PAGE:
Who helped you with the cover? Or did you design it yourself? What was your inspiration for your cover design?
The final design of the cover, for The Warramunga’s War, was completed by Clive Dalkins of Zeus Publications after discussion with me. The same for the next two books.
What are some of the themes of your story?
Apart from War, the themes throughout my books are friendship, mystery, crime investigation, adventure, romance, history and dramatic scenic places.
What’s your process when you sit down and decide to start writing a book and do you have a system?
Once I have decided what my book will be about, I conduct a great deal of research before I write anything. I add that, in my mind, to the experiences I have had at working in and visiting all those places.
Once I start writing the story, I set myself to write at least 500 words a day. Sometimes up to 1000 words a day. This gives me time to check the action against actual historical events and not get ahead of myself.
Who are some of your favorite characters and why?
My favorite characters are Jamie and Jacko as well as Jacko’s little half-sister, Sarah, a full-blood Warramunga aborigine. I gave a great deal of thought in developing their characters. Many of the other characters, as I have mentioned before, are based on people I have known and worked with; for this reason, they are also favorites of mine.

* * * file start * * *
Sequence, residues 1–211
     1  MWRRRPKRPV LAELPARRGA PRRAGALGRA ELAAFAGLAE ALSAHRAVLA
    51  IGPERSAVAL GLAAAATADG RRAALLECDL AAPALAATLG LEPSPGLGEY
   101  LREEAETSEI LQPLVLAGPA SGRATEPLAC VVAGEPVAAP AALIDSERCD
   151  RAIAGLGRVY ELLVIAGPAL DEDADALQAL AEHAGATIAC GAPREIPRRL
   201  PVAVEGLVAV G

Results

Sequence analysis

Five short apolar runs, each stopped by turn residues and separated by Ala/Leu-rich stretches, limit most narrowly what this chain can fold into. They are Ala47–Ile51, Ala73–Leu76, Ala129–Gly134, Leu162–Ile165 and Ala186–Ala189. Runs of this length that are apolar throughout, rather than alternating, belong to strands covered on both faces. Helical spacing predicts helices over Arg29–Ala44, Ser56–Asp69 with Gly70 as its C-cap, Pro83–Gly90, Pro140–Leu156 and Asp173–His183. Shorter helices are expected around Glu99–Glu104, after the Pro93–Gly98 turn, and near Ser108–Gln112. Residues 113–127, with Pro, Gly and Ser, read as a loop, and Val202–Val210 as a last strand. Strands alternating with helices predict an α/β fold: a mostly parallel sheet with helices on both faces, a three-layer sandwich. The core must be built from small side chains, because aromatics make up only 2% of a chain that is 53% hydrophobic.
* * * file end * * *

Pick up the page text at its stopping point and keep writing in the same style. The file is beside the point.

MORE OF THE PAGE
Who are some of your favorite authors?
Authors, such as Patrick O”Brian and Alexander Kent, leave me awestruck with the extent and accuracy of their historical research. Apart from them I have many favorite authors: Jane Austen, Boris Pasternak, Grantlee Kieza, Will Davies, Martin O’Brien and many others. I also have all the old Australian Classics such as Robbery Under Arms, We of the Never Never, etc.
Have you got anything you’re working on now?
I have just finished writing a new novel, Conflict on the Yangtze. No prizes for guessing where that novel is set. Many of my friends urged me to not let Jamie, Jacko and Sarah, just fade away, so I have extended the trilogy to this fourth novel. The process of publication will begin in early 2019 and the novel will probably be released in February. I am gathering research for a possible fifth novel in the aftermath of war set around the Burma-Thai border, but haven’t started writing anything yet.
If you could have any super powers what would they be?
Super powers!!?! When we were young, we all dreamt of being Superman but I haven’t thought of that for a long while. If I were Superman, I could make it very uncomfortable for all the horrible little dictators around the world who keep their people in poverty while they pile aid money into their Swiss bank accounts.
If you could travel to any location in the world where would you go?
I hope this doesn’t sound arrogant, but I’m trying to think of locations where I haven’t been. I’ve been to all the great cities of the world and raced in yachts over many seas. I’ve worked in extreme cold (northern Siberia, Alaska, Saskatchewan) and most of the hottest places on earth. I think I’d like to stay right here on the Gold Coast from now on.
Where do you hope to be in 5 years’ time?
Still very much alive and living here on the Gold Coast.